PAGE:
For what it's worth, a few words on the evolution in my thinking on
QSLing over the years.
I've been into computerized logging since the late 1980s - anyone
remember EasyDX? I was the first paying customer for DX4WIN, and
shortly after that concluded that going through boxes of QSLs from the
bureau was just too time-consuming, particularly since I had (and have)
no interest in more awards.
In an effort to solve this problem I badgered DX4WIN's Paul, KK4HD, into
adding the ability to preemptively QSL the first contact with each
station on each band/mode combination. That way, I figured, I could
just print batches of QSLs and dispatch them via the outgoing bureau.
Here, economics raised their ugly head. I reduced printing costs by
locally producing 4-up sheets and then using DX4WIN to print directly on
them (those stick-on labels are expensive). That left postage costs.
Working through the USPS online price charts, I was able to work out the
cross-over point at which the number of my outgoing QSLs to a given
country made it more economical to mail directly to the foreign QSL
bureau, rather than through the ARRL's outgoing bureau. More work for
me, but less cost per QSL.
The next step, and the last to date, came in 2009 when I discovered
GlobalQSL. It is somewhat more expensive than what I had been doing,
but the saving in effort is immense, the cards are nice looking, and the
service3 seems to be adequately fast. I can keep my conscience clear,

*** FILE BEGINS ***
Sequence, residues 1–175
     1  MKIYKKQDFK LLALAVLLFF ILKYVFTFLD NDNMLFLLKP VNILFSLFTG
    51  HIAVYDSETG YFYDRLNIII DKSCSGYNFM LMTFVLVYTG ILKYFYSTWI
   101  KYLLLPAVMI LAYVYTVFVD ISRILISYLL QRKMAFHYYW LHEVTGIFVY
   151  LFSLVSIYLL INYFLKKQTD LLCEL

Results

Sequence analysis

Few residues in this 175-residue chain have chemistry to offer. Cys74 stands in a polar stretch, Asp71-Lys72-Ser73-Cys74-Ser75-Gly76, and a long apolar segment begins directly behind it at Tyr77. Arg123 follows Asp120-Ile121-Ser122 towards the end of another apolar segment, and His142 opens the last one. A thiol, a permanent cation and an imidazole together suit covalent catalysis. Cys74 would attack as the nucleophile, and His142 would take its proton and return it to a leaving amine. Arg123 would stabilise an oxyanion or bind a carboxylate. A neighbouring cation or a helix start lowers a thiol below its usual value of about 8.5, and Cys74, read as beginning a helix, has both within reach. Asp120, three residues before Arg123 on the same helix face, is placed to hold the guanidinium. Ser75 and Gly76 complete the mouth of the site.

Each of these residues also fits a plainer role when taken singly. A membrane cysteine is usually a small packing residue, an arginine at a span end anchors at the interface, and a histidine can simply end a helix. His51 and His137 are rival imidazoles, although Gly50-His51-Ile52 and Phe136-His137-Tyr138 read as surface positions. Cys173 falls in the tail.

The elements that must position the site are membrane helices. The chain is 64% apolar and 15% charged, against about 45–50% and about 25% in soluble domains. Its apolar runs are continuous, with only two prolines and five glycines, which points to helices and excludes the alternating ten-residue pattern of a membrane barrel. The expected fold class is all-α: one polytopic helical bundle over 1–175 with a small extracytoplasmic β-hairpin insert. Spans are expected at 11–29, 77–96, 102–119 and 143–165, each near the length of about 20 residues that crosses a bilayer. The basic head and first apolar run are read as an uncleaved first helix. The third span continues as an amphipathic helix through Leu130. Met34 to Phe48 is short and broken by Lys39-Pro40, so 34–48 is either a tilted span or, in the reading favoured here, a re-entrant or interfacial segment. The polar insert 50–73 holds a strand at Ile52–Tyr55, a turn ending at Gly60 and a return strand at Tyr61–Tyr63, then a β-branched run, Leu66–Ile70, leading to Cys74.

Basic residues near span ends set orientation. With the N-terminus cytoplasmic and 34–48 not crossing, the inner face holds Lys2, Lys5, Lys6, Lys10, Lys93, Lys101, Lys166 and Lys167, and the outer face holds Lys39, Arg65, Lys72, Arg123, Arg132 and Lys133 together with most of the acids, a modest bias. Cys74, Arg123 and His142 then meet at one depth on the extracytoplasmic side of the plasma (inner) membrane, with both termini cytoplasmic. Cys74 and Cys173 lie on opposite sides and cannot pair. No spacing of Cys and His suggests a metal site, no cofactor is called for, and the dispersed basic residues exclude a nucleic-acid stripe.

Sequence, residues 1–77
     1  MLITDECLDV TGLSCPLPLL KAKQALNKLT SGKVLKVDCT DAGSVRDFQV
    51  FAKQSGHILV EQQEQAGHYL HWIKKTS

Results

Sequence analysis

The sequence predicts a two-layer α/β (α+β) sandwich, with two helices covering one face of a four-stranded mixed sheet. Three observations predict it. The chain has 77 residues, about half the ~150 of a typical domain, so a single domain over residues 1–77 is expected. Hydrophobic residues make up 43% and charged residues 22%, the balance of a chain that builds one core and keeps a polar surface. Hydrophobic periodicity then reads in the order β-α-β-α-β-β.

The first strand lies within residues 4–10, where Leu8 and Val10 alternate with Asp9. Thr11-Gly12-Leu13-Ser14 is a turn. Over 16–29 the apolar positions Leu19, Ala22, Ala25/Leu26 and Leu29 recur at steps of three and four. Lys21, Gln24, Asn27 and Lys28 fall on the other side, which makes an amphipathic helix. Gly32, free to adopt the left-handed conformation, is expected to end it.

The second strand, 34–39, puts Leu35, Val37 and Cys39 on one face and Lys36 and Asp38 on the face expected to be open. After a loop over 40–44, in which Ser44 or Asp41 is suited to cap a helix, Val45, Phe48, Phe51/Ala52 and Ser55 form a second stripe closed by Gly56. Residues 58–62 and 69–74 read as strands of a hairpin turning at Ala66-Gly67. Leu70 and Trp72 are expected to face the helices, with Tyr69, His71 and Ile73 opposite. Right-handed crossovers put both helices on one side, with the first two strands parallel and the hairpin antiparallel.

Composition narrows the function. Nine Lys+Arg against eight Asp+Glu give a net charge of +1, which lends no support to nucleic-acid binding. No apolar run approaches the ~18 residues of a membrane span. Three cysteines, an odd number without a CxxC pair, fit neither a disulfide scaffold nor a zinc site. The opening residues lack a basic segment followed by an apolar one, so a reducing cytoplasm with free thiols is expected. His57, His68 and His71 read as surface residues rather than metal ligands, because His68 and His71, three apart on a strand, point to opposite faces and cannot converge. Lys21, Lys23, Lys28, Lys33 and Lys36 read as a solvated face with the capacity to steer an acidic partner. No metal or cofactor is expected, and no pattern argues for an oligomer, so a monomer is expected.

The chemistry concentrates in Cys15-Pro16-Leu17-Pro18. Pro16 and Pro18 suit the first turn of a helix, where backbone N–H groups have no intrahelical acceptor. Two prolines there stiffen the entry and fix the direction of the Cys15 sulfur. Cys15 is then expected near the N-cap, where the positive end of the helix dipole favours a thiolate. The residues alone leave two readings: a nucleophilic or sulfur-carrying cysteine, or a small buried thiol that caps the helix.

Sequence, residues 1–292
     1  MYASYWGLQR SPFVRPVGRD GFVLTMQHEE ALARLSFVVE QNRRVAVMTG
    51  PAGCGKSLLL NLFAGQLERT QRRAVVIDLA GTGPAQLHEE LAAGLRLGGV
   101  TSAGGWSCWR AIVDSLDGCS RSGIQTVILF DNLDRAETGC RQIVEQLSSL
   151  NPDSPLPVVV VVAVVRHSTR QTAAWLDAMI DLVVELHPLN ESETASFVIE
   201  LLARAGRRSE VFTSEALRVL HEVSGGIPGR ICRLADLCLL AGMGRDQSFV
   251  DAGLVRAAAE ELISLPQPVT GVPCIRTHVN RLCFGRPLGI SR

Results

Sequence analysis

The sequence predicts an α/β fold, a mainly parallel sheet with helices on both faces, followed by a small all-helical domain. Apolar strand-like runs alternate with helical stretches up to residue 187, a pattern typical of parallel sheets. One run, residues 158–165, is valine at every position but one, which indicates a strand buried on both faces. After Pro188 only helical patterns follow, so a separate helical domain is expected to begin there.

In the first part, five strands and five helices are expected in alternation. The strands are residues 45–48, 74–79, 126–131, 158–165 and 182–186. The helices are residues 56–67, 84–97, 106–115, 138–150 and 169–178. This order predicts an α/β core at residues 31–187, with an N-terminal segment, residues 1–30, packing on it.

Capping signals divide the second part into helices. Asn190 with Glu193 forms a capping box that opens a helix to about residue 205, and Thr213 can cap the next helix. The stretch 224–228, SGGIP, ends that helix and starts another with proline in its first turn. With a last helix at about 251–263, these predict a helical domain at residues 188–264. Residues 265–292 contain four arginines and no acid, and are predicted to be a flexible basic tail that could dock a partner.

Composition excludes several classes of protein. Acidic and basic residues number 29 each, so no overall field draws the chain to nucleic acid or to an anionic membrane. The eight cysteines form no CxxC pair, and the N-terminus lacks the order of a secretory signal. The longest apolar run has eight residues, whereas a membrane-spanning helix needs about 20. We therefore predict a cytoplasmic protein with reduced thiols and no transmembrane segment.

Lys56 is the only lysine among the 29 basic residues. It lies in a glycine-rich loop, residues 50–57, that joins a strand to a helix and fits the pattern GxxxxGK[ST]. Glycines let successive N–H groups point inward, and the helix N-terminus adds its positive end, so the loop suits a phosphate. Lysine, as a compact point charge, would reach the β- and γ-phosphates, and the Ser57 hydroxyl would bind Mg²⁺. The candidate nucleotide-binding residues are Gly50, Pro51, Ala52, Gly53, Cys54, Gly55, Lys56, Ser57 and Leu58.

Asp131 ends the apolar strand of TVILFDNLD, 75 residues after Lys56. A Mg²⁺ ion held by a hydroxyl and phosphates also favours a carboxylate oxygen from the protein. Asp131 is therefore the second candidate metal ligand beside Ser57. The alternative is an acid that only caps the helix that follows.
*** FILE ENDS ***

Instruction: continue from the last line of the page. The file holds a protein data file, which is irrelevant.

answer the few cards I get directly, and get on with the other aspects
of this hobby I enjoy.
All 124,000 of my computerized QSOs are now on LOTW, too. I look
forward to the day when it's all we will need.
73, Pete N4ZR
The World Contest Station Database, updated daily at www.conteststations.com
The Reverse Beacon Network at http://reversebeacon.net, blog at
spots at telnet.reversebeacon.net, port 7000 and
arcluster.reversebeacon.net, port 7000
On 3/28/2012 3:14 AM, Yannick DEVOS (XV4Y) wrote:
> Paul N6PSE questioning was interesting.
> The last big expeditions (ST0R, T32C) costed around 300 000 USD each...
> For rare entities, people (perhaps not everyone) are ready to pay for Direct
> However many reacted the same way than you and dropping QSL Bureau could be
> seen as not respecting the deal.
> Yannick DEVOS - XV4Y
> Le 28 mars 2012 à 10:41, Bill Parry a écrit :
>> The results sure seem to be one sided...QSL bureaus are still very valuable.
>> QSLing direct has gotten ridiculously expensive! I use the bureau almost
>> every month.
>> Bill W5VX
>> -----Original Message-----
>> From: email@example.com
>> [mailto:firstname.lastname@example.org] On Behalf Of Yannick (XV4Y)
>> Sent: Tuesday, March 27, 2012 9:39 PM
>> To: CQ-Contest@contesting.com
>> Subject: [CQ-Contest] Is QSL Bureau pertinent in today HAM Radio
>> This is bit out of topic but contesters opinion is highly valuable.
>> Following a discussion on DX-World.net about the next Intrepid-DX group QSL
>> policy I started a small poll about QSL in the 21th century in general.
>> Please share your opinion.
>> Yannick DEVOS - XV4Y
>> CQ-Contest mailing list
> CQ-Contest mailing list
CQ-Contest mailing list